If Aiden had told her where to find his brother, they had to have been good friends. Why hadn't Aiden mentioned he'd shared Connor's information with someone? Why hadn't Aiden mentioned this woman? His distrust was heightened.
"What's your emergency?" Connor asked. This woman was at his home, claiming to have information and an emergency. How dramatic. Maybe it would feel good for her to get something off her chest, but in all likelihood, whatever she told him, Connor would already know or would find insignificant, as most everything was compared to his brother being dead.
Connor also wasn't sure he believed her story. If they didn't plan to outright kill him, it would be like Sphere to send an attractive woman and launch upsetting information at him to get him off guard. Sphere hadn't given up on bringing him back in, and psychological games were their specialty. Connor wouldn't fall for tricks. Aiden had been gone for seven months and Connor had made his peace with his brother's death. He wasn't getting taken in by a beautiful woman. Whatever this Kate Squire needed to say, he wouldn't let it affect him.
"Could you please take your hand off your gun? You're making me nervous," Kate said.
He hadn't realized he was clasping the handle. He removed his hand from his gun and put it at his side. If she gave him any reason to think she was reaching for a weapon, he could get to his gun before she could get to hers. "Answer my question. What is your emergency?" Connor didn't take his eyes off her hands. A difficult task given that she had a lot of features worth a second and third long look.
She lowered her hands and he allowed it. "I heard you were tough but, wow, I didn't expect this."
What had she expected? If Aiden had told her about him, he would have told her Connor was a hermit who lived alone, who didn't like visitors and who preferred the company of his books to people.
"I have something to tell you that might be upsetting for you. Do you want to sit down? Or do you want to get a drink first?" she asked.
No and no. "I don't need to sit. I don't need to drink. There's nothing you can tell me about Aiden that will upset me." Both he and his brother had worked for Sphere. They had completed missions and tasks that were difficult and dangerous. They had walked the line just shy of immoral at times, they had lived fast and loose, and they had loved the adrenaline high of working rogue missions all over the world in the name of liberty and justice. Whatever this woman had to say about his brother, whatever story she would tell, it didn't change that Aiden was a good man with a good heart. Nothing would sully Connor's memory or change his deep respect for his younger brother.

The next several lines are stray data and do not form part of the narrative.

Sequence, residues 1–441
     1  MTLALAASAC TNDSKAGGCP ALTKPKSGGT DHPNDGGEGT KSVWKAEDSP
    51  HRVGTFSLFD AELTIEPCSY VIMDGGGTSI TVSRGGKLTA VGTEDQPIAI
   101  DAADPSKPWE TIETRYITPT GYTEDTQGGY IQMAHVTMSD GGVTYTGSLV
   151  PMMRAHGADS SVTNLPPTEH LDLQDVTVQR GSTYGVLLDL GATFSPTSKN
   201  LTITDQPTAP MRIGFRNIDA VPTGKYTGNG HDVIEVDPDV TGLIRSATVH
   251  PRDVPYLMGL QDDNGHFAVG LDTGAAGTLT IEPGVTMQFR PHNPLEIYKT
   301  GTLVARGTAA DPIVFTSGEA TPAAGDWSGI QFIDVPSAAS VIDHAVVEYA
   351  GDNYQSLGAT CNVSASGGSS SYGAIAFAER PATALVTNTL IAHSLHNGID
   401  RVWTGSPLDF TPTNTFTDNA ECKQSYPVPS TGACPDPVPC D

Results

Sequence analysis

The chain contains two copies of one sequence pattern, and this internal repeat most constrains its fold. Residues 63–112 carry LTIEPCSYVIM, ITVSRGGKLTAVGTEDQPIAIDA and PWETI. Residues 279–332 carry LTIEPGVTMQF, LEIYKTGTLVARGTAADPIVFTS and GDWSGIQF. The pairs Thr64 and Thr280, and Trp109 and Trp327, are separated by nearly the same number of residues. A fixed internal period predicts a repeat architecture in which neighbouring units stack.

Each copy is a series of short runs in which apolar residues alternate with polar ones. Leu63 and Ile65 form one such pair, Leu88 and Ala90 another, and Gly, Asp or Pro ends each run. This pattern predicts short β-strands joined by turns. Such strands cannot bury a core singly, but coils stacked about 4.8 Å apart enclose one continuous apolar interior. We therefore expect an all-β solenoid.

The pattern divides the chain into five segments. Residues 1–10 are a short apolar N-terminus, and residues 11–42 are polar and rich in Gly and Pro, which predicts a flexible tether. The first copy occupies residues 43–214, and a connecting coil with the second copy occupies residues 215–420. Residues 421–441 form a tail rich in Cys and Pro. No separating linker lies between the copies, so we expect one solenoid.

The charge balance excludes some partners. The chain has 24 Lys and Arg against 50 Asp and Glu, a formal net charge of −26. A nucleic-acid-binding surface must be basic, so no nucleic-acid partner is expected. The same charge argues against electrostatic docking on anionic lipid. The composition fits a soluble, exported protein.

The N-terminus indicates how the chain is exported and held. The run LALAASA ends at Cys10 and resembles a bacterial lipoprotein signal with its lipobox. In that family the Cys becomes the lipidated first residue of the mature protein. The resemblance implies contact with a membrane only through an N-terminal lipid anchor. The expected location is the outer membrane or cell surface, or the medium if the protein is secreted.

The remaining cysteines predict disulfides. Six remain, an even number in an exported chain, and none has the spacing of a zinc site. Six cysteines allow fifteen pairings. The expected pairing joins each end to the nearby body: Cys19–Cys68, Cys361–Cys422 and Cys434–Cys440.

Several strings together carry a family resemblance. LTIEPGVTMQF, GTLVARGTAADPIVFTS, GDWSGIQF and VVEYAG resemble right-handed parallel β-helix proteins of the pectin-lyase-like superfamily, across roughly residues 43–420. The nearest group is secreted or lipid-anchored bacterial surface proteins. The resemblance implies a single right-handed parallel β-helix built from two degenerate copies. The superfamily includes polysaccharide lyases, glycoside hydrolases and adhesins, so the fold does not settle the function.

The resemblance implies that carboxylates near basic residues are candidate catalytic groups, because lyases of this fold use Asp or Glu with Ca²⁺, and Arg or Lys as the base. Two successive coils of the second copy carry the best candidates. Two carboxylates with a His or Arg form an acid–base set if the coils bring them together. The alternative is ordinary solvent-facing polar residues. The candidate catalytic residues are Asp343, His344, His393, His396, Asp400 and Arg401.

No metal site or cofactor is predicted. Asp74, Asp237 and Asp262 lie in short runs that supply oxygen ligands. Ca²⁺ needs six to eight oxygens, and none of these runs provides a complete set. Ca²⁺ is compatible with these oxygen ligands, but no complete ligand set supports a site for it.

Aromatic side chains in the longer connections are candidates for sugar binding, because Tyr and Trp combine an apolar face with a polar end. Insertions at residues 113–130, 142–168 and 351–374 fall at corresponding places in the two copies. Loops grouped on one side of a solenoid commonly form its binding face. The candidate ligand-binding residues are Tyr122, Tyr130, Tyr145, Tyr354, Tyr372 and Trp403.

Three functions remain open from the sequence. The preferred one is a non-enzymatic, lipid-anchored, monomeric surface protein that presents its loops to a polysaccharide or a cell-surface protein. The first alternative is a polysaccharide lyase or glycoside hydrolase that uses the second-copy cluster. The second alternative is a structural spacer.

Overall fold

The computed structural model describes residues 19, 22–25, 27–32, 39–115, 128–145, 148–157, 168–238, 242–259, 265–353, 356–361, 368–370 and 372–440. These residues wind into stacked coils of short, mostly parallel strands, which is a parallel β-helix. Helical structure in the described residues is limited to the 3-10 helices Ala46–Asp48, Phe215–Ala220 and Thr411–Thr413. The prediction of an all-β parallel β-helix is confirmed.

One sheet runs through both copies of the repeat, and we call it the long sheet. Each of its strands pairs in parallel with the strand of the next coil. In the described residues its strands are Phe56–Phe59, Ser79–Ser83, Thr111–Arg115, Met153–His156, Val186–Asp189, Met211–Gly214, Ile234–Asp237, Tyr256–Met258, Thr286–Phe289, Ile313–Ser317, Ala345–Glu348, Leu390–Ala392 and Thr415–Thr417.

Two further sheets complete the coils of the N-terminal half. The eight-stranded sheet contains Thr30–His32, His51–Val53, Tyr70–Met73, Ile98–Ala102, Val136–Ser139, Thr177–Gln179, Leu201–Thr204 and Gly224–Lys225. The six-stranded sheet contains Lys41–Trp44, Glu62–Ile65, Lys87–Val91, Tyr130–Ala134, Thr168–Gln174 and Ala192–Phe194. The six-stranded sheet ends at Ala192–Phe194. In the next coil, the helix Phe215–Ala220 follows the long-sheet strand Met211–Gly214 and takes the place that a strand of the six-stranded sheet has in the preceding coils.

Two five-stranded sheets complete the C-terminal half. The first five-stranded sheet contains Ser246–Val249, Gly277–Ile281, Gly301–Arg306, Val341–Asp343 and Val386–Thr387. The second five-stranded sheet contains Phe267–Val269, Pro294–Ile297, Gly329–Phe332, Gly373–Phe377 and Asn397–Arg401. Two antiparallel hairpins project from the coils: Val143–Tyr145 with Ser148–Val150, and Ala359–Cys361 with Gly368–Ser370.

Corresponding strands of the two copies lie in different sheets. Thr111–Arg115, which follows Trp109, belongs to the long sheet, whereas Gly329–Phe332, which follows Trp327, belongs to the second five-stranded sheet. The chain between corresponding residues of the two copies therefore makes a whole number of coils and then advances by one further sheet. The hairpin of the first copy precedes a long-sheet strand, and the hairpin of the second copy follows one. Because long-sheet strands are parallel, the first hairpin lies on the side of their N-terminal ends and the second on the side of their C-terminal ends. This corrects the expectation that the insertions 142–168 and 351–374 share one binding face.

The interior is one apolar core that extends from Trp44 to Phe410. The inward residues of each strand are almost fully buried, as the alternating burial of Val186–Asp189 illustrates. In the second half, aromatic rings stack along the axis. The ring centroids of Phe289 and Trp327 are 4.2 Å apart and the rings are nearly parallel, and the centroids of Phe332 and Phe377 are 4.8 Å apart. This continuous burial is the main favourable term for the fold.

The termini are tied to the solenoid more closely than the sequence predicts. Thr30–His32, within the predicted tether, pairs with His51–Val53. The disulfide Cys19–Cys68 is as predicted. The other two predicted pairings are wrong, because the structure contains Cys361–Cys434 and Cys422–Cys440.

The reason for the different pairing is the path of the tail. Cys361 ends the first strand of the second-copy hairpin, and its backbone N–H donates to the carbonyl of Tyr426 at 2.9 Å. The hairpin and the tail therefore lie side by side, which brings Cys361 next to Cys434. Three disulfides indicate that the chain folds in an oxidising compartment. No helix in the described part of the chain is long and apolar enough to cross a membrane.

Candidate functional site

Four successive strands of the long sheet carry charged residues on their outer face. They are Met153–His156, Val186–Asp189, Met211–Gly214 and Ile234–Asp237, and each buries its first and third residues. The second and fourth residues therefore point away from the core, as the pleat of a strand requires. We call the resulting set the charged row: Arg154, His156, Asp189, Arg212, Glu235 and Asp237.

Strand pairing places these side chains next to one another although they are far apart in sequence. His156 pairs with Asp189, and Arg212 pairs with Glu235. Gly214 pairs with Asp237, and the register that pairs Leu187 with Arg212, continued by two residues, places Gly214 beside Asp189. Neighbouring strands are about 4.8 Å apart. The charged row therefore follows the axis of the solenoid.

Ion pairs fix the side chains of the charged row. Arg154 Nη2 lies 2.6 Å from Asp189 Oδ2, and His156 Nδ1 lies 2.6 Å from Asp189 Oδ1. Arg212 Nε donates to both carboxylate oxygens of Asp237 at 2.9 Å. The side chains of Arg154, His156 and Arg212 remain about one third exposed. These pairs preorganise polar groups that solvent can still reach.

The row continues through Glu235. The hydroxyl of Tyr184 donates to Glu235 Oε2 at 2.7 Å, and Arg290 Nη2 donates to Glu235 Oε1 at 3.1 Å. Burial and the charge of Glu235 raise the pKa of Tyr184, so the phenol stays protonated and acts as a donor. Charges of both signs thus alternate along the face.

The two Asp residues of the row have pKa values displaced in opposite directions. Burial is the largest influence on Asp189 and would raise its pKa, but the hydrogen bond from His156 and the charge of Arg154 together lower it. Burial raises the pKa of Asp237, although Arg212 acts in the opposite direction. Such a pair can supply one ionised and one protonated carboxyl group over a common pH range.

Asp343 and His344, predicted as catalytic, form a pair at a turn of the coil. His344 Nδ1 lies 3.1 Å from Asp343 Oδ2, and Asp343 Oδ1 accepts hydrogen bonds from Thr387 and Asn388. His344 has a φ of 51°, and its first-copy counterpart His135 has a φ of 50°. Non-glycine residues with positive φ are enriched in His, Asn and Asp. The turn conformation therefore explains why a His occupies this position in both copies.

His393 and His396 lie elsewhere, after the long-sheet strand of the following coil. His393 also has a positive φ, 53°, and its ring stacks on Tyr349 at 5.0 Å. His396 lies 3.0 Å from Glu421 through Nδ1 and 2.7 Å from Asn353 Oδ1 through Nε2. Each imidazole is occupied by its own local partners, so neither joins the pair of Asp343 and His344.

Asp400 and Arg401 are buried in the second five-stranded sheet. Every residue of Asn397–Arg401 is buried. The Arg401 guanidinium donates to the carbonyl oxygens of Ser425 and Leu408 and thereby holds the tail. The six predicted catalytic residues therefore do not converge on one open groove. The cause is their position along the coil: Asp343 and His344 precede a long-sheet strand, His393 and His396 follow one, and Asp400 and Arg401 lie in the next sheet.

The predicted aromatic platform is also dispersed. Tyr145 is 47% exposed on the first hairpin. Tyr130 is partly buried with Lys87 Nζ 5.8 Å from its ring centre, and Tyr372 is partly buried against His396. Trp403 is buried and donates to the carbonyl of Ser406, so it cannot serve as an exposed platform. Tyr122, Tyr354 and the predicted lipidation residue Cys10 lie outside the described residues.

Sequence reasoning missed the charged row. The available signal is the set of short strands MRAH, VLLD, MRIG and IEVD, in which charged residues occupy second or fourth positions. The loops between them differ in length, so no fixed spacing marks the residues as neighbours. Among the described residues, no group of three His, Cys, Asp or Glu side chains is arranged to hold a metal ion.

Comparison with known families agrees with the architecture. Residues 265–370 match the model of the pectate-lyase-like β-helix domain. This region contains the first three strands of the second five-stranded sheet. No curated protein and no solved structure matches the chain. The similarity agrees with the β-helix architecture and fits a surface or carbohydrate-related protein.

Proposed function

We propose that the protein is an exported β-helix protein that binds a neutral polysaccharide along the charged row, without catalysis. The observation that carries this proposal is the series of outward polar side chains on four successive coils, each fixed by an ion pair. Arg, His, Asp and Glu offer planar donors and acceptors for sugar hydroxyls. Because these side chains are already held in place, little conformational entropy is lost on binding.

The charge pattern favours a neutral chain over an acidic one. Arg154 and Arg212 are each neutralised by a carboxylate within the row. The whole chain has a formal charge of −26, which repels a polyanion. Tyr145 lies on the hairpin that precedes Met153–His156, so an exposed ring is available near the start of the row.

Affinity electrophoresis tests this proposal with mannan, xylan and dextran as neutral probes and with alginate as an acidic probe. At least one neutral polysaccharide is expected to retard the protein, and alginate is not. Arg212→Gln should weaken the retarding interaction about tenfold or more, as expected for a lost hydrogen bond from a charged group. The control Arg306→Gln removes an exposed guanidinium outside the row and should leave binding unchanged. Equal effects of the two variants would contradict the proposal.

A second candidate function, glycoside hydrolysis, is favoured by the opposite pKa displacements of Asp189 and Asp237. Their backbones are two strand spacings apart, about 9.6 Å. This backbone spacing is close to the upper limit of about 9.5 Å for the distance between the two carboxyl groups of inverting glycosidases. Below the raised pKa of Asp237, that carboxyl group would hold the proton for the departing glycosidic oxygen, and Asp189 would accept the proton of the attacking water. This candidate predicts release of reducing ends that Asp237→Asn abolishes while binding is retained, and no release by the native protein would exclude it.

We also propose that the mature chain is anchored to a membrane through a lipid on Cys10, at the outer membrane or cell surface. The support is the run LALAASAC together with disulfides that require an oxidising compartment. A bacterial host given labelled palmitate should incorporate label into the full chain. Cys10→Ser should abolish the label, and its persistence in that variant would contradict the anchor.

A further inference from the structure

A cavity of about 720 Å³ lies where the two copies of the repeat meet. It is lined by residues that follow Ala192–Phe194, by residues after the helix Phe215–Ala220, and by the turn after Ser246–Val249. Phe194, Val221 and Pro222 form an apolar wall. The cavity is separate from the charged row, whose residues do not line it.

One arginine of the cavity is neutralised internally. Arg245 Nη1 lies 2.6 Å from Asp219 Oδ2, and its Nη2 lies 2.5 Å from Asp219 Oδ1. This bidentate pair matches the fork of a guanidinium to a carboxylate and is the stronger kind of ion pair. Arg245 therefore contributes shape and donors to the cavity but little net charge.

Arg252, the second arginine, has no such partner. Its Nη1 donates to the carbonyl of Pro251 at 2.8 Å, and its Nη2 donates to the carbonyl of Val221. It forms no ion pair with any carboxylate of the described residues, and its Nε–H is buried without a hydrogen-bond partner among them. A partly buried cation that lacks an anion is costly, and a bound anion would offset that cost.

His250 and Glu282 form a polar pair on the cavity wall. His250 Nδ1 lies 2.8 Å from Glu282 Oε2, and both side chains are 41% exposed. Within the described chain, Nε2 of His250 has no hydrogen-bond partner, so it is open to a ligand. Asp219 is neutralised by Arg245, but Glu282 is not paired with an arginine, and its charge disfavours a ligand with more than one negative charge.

The woman folded her arms over her chest. "I'm the one who needs a drink." She laughed, a nervous jitter. The sound was light and tingled in his ears. Kate took a deep breath. "I don't want to get your hopes up and I don't want to make trouble for you, but I believe Aiden is alive."
Unrealistic hope flared at the word alive but realism tamped it down. "My brother is dead." It was a fact. If his brother was alive, Connor would have heard from him. If Aiden's lover had convinced herself Aiden was alive, perhaps it was a coping technique or the denial phase of her grief. Connor worked firmly in reality and the reality was that Aiden was dead.
The woman looked at the ground, and when she lifted her head, tears shone in her eyes. "I think he is very much alive and he might need your help. I think he was captured in Tumara and is being held by the Armed Revolutionaries in one of their prisons."
Connor's denial skidded to a stop. How had this woman known his brother was working in Tumara for elpresidente and against the revolutionaries? Elpresidente was fighting to stay in power despite a burgeoning lower class who was demanding higher wages and better living conditions. Bruno Feliz was their outspoken leader. Armando Lopes, or el presidente, as the dictator was known, had assistance from Sphere to keep the revolutionaries down. Keeping Lopes in power would prevent upheaval, but Sphere only cared about the money.
Aiden's involvement in the region was classified. He hadn't spoken about his mission or the work he'd completed for Sphere. Connor knew what he had done from keeping his finger on the pulse of Aiden's work, a task he'd found more difficult the deeper Aiden had gone with Sphere. "Where are you getting your information?"
Kate stepped closer to him. As she neared, the light scent of vanilla wafted over him. "I could get in trouble for this. For telling you anything about Aiden and his work. But I feel like I have to tell someone. I work for the same company you and Aiden did. I analyzed some intelligence we received from our overseas allies and I have reason to believe your brother is alive. My cover-that is, my work with the State Department- puts me in touch with important people." She shoved a hand through her hair as if frustrated with her explanation. "I know this sounds crazy, but I need you to believe me."